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Eva Shockey “Takes Aim”
September 12, 2017

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Eva Shockey wanted to be a dancer. She ended up a hunter. Now she's promoting the outdoor way of life in her new book released this month, Taking Aim: Daring to be Different, Happier, and Healthier in the Great Outdoors.

The book is geared toward one of the fastest growing demographics in the hunting industry, female hunters, but the message is for everybody. If you're not happy with your life, change it. If there's something you've always dreamed of doing, pursue it. And don't be afraid to stand up for what you believe in.

We all know Eva Shockey as Jim Shockey's daughter and co-host of the popular hunting show, Jim Shockey's Hunting Adventures, on the Outdoor Channel. Having grown up watching her father make a living in the outdoor industry, Shockey came to the sport a little differently than most of us not just as a hobby, but as a career choice. Once she realized how much she loved to hunt, she completely immersed herself in it, and soon found herself in the limelight, which made her both a celebrity among outdoorsmen and an easy target for anti-hunters.

In November 2014, Shockey killed a 510-pound black bear in North Carolina and later posted photos of the hunt on social media. Anti-hunters rushed to condemn her, of course, one even remarking that she should "kill that little worthless dog you have instead."

Shockey's response? "Apparently hunting a bear, eating/donating all of the meat, and putting money towards conservation is a bad thing, but killing my puppy is OK," she wrote. "If this logic isn't totally insane, I don't know what is."

Mainstream media caught wind and hyped the story, and intense backlash followed. But so did something else the rallying cries of fellow hunters, and once again, Shockey had the perfect response, to create special T-shirts that stated: "I'll never apologize for being a hunter."

As Shockey says in Taking Aim, "When the destructive verbal storm erupted, I was faced with a decision. I could have shut down my Facebook page. I could have retreated. I could have kept silent. Instead, I made the choice to take a stand."

In today's politically correct society, hunters often find themselves on the outside looking in. We needlessly apologize for enjoying what we do, pointing instead to the value of hunting as a management tool. Yes, we have science on our side, and nothing is more effective than hunting at controlling wildlife populations, not to mention that we also give back tens of millions of dollars every year toward conservation but we shouldn't feel ashamed for having fun in the process.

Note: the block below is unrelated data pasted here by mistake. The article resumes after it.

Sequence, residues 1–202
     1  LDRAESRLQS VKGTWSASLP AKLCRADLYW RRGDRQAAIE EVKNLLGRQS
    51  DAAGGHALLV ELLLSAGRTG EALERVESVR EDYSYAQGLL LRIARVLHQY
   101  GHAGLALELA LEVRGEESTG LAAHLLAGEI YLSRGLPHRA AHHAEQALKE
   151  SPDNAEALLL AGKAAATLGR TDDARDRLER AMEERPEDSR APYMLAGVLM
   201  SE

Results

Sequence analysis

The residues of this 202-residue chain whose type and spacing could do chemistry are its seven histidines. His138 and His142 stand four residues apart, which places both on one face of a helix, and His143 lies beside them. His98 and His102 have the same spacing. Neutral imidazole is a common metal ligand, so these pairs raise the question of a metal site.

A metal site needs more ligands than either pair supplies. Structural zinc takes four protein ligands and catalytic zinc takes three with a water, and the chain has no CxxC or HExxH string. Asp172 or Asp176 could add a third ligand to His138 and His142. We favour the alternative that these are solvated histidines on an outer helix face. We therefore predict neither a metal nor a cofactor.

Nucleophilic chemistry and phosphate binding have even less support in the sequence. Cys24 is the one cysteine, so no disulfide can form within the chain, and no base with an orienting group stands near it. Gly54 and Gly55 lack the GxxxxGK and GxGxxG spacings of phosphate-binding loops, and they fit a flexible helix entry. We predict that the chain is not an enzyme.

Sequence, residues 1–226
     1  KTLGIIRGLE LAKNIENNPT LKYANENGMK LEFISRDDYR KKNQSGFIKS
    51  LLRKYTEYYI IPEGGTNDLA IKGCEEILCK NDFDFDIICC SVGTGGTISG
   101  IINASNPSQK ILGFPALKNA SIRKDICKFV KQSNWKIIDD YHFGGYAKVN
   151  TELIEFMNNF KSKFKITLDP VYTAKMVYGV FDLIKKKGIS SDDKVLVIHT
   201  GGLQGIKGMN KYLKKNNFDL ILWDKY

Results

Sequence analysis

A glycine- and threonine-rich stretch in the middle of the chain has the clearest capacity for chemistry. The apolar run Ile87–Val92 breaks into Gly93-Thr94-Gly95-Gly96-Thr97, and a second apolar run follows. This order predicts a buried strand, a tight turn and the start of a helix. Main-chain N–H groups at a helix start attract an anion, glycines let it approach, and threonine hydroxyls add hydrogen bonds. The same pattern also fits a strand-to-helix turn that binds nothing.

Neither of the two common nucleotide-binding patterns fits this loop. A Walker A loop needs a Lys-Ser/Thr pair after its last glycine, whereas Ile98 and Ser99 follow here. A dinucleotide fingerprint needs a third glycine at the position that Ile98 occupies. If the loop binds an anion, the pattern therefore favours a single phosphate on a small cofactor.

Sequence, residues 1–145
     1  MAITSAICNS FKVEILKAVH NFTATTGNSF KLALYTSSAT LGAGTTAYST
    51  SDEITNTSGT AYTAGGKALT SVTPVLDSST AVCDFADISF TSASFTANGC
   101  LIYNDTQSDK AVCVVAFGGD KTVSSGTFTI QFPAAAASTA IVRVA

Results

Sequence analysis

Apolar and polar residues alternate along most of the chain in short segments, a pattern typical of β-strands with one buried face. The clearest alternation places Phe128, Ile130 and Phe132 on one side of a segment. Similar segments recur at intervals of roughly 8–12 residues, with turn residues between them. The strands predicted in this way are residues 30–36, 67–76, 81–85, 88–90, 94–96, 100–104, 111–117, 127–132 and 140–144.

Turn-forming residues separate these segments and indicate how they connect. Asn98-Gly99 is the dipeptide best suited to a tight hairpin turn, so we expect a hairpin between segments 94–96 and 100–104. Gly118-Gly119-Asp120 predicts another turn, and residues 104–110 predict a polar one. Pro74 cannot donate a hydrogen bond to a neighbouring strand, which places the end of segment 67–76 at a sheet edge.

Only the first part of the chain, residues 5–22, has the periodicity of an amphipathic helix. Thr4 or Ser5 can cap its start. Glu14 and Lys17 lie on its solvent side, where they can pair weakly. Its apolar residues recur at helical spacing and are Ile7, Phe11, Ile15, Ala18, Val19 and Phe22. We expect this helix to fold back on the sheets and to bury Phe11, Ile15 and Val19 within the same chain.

Unfortunately, mainstream media is trying to make hunting just that, a source of guilt. And you know what? They're winning. If they weren't, we wouldn't be facing potential bans every year at the ballot box. We wouldn't be worried about keeping our rights to hunt, fish, and trap, and it wouldn't be so crucial to join organizations that help us fight to keep those rights.

We need an ambassador for our sport. We need someone to lead by example and inspire more women, girls, men, and boys to look toward the outdoors as a source of adventure and fuel for the soul. We need more people like Eva Shockey who will stand firm against our critics.

The biggest threat to hunters today is the wealth of misinformation floating around out there. Taking Aim puts the facts on the table in laymen's terms. Anyone unfamiliar with hunting could read this book and immediately gain a better appreciation and understanding of the importance of hunting, and also what it means to be a successful hunter.

"Contrary to what I thought at first," she writes, "hunting isn't easy." Every excursion presents its own challenges and obstacles that must be overcome.

On another level, Taking Aim is a series of heart-pounding adventures, several of which could have easily claimed Shockey's life, interspersed with those quiet, reflective moments in the wilderness. Only when you are alone in the wilds, with no distractions, can you look into your own heart and discover your own personal truths.

Perhaps the most poignant passage can be found in the introduction where she writes, "Anything worth doing in life will come with resistance. You may hunt. You may not. But if you've worked hard to achieve a goal or a dream or are right now in the midst of fighting for or striving for something you believe in, you can relate to the challenges I've faced. You know what it's like to go up against the status quo. You know the discipline required, the struggle that follows. You know the detours. You know the critics who tell you to quit or that you'll never make it. You know the self-doubt that creeps in. And one day you'll know what it feels like when you wake up and realize that you've created your own life, your own future, and left your own mark in this world."

Now more than ever, it's important to get young people interested in the sport if we expect our outdoors heritage to continue for future generations to enjoy. It's equally imperative to educate as many non-hunters as possible so that we have enough voter clout on issues that concern wildlife management. Shockey's celebrity status gives her access to huge audiences, both within the hunting industry and in the general, non-hunting public, and in Taking Aim she's using that status in positive ways that help secure our future.

Taking Aim emphasizes the joy of hunting. If nothing else, maybe this book will show people that the outdoors is fun. It's the perfect venue for creating memories with family and friends, the meat is organic and healthy, and best of all, the byproduct of a life spent doing what you love is happiness.

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